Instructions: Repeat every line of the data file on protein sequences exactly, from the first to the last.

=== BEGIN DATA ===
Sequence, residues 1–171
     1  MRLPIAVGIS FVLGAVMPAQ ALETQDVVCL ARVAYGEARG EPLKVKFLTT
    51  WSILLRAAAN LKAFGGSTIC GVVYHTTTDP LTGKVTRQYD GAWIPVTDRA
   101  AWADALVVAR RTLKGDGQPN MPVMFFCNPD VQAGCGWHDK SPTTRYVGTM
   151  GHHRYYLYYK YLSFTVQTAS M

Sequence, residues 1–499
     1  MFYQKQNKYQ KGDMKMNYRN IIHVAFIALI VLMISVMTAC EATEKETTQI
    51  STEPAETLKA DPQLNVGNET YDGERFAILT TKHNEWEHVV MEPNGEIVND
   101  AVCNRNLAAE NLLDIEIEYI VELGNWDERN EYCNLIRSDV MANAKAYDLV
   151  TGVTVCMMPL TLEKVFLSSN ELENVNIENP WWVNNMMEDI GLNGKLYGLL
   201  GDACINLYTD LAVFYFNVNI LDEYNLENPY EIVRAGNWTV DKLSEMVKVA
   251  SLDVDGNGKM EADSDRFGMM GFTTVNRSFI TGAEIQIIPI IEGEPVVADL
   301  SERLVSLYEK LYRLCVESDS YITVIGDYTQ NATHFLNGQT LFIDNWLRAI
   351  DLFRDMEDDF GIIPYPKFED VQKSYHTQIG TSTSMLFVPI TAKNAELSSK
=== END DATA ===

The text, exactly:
Sequence, residues 1–171
     1  MRLPIAVGIS FVLGAVMPAQ ALETQDVVCL ARVAYGEARG EPLKVKFLTT
    51  WSILLRAAAN LKAFGGSTIC GVVYHTTTDP LTGKVTRQYD GAWIPVTDRA
   101  AWADALVVAR RTLKGDGQPN MPVMFFCNPD VQAGCGWHDK SPTTRYVGTM
   151  GHHRYYLYYK YLSFTVQTAS M

Sequence, residues 1–499
     1  MFYQKQNKYQ KGDMKMNYRN IIHVAFIALI VLMISVMTAC EATEKETTQI
    51  STEPAETLKA DPQLNVGNET YDGERFAILT TKHNEWEHVV MEPNGEIVND
   101  AVCNRNLAAE NLLDIEIEYI VELGNWDERN EYCNLIRSDV MANAKAYDLV
   151  TGVTVCMMPL TLEKVFLSSN ELENVNIENP WWVNNMMEDI GLNGKLYGLL
   201  GDACINLYTD LAVFYFNVNI LDEYNLENPY EIVRAGNWTV DKLSEMVKVA
   251  SLDVDGNGKM EADSDRFGMM GFTTVNRSFI TGAEIQIIPI IEGEPVVADL
   301  SERLVSLYEK LYRLCVESDS YITVIGDYTQ NATHFLNGQT LFIDNWLRAI
   351  DLFRDMEDDF GIIPYPKFED VQKSYHTQIG TSTSMLFVPI TAKNAELSSK